Besides being, as I have said, a coming of age story, How to Build a Girl is also a socio-economic study of class. In particular, working class status and what it means to be poor. Moran has made no secret about her unconventional upbringing and you can see how much of her heart and soul is infused in this story and how it actually takes someone who knows about class issues from a realistic vantage to be able to discuss them eruditely.

Moran uses the music of the times to forward the story along and completely immerses you in her world and I, for one, didn’t want to leave. Johanna Morrigan – our protagonist – really is a fictional heroine. One I wish I had to look up to when I was younger. And even though Caitlin Moran could write about the wing span of midgey flies and I would read it because I love her writing style I can honestly say that How to Build a Girl has taken the number one spot as my book of the year so far.

How to Build a Girl by Caitlin Moran is available now.

For more information regarding Caitlin Moran (@caitlinmoran) please visit www.caitlinmoran.co.uk.

For more information regarding Ebury Publishing (@EburyPublishing) please visit www.penguinrandomhouse.co.uk/publishers/ebury.

5 Stars

MoranifestoThe Blurb

‘I’ve lived through ten iOS upgrades on my Mac – and that’s just something I use to much about on Twitter. Surely capitalism is due an upgrade or two?’

When Caitlin Moran sat down to choose her favourite pieces for her new book she realised that they all seemed to join up. Turns out, it’s the same old problems and the same old ass-hats.

Then she thought of the word ‘Moranifesto’, and she knew what she had to do…

This is Caitlin’s engaging and amusing rallying call for our times. Combining the best of her recent columns with lots of new writing unique to this book, Caitlin deals with topics as pressing and diverse as 1980s swearing, benefits, boarding schools, and why the internet is like a drunken toddler.

And whilst never afraid to address the big issues of the day – such as Benedict Cumberbatch and duffel coats – Caitlin also makes a passionate effort to understand our 21st century society and presents us with her ‘Moranifesto’ for making the world a better place.

The polite revolution starts here! Please.

The Review

I firmly believe (and have done for some time) that I am a little bit in love with Caitlin Moran.

You see, I read her writings or listen to her in interviews and I think to myself “Dammit, yes Caitlin! You have expressed my thoughts far more eloquently than have now let’s go out for a pow-wow and maybe a game of air hockey.” – why the air hockey? Couldn’t say, but I do know that Caitlin and I would shoot the shit something wicked in a musty old arcade.

If I could write…or, indeed, think 3% as astutely as Caitlin Moran does then I would consider myself to be very lucky. She gets me that riled up with optimistic vibes that I almost want to befriend her and encourage her to run for president. The fact that she is British, be damned! I believe she could do it; I know she would win.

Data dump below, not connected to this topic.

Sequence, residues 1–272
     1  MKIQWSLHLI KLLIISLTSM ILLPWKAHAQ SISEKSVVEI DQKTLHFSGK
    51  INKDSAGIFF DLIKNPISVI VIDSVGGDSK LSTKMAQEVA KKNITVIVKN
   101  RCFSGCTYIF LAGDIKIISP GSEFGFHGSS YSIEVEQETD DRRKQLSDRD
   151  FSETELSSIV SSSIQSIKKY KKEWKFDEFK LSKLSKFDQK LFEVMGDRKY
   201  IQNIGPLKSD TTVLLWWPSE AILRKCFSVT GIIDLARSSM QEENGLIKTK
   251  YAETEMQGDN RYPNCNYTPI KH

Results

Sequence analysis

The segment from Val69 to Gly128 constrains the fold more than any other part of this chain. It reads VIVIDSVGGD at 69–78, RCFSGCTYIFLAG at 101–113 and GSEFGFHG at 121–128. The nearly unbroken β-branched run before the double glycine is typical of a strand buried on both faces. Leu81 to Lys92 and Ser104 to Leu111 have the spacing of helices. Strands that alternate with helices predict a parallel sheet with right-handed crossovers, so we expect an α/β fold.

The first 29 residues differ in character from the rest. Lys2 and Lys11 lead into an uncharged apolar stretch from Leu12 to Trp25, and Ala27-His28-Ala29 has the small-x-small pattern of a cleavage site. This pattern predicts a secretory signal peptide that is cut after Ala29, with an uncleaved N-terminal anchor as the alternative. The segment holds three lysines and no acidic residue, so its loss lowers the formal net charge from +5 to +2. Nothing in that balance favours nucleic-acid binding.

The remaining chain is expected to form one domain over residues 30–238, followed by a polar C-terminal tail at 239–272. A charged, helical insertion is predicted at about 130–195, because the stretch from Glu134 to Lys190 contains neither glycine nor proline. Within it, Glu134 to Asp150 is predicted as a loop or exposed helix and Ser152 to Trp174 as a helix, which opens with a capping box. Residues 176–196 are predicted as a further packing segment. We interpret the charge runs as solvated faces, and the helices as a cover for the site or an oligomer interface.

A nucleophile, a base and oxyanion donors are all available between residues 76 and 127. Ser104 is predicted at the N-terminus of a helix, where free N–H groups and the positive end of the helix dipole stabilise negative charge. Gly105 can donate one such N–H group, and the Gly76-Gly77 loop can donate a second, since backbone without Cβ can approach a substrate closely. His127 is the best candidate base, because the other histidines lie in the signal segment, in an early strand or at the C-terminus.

Ok, enough fangirling (don’t worry, there may be some more later). Let us look at her latest book: Moranifesto. It is a glorious collection of her articles and it really does invite you to intimately press your nose between the pages of her mellifluous mind. It is a must for avid “woMoran’s” – ok I tried to create a “Cumberbitch” tag name and it didn’t quite work out but you get what I mean – and also for the “Moranovice” < – admittedly, I am a little proud of that one.

Personally, my favourite articles included: “I Can’t Stop Listening to ‘Get Lucky’”, “Everyone Fancies Britain Right Now”, “A Woman’s Monthly Faultiness”, “My Lady Festival Advice”, “Russell T Davies – The Man Who Changed the World, Just a Little Bit”, “Why Can’t Life be More Like a Musical?”, and “All the Lists of My Life”

This is not an exhaustive list and to be fair it doesn’t do justice to just how brilliant Moranifesto is. This is a book that should be issued to teenagers who are trying to figure things out and trying to form their own opinion away from the beliefs that they have been born into. This book could have been called The Things I Wished I Had Known. Where was this book when I was growing up? is the only negative thing I have to say about Moranifesto. This previously gawky teenager could have used it. I implore everyone to pick up a copy of Moranifesto because it is a treasure trove of fantastic writing. I cannot recommend it enough…and now we have the return of the fangirl.

One final thing, Moranifesto gave me one of my proudest moments as an aunty when my one year old niece picked it up and said “book”. I thought to myself, “Yes, I will make a feminist/humanist out of you.”

Moranifesto by Caitlin Moran is available now.

Follow Caitlin Moran (@caitlinmoran) on Twitter.

5 Stars